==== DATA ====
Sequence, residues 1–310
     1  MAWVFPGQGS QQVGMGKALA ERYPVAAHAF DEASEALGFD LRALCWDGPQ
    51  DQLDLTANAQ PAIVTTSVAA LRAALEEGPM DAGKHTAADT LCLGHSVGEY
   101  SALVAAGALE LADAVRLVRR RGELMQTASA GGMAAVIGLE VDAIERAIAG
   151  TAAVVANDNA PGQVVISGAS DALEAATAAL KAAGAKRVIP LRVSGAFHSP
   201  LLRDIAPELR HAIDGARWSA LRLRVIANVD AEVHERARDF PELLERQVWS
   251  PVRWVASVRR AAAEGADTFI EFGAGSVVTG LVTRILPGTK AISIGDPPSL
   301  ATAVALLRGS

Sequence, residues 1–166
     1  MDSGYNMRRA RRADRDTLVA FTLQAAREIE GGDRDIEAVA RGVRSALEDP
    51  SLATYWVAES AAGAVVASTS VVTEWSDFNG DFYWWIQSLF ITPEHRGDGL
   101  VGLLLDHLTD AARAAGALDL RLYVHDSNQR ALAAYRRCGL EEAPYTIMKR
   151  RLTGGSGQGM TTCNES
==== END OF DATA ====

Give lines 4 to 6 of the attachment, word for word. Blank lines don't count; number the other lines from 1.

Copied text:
   101  SALVAAGALE LADAVRLVRR RGELMQTASA GGMAAVIGLE VDAIERAIAG
   151  TAAVVANDNA PGQVVISGAS DALEAATAAL KAAGAKRVIP LRVSGAFHSP
   201  LLRDIAPELR HAIDGARWSA LRLRVIANVD AEVHERARDF PELLERQVWS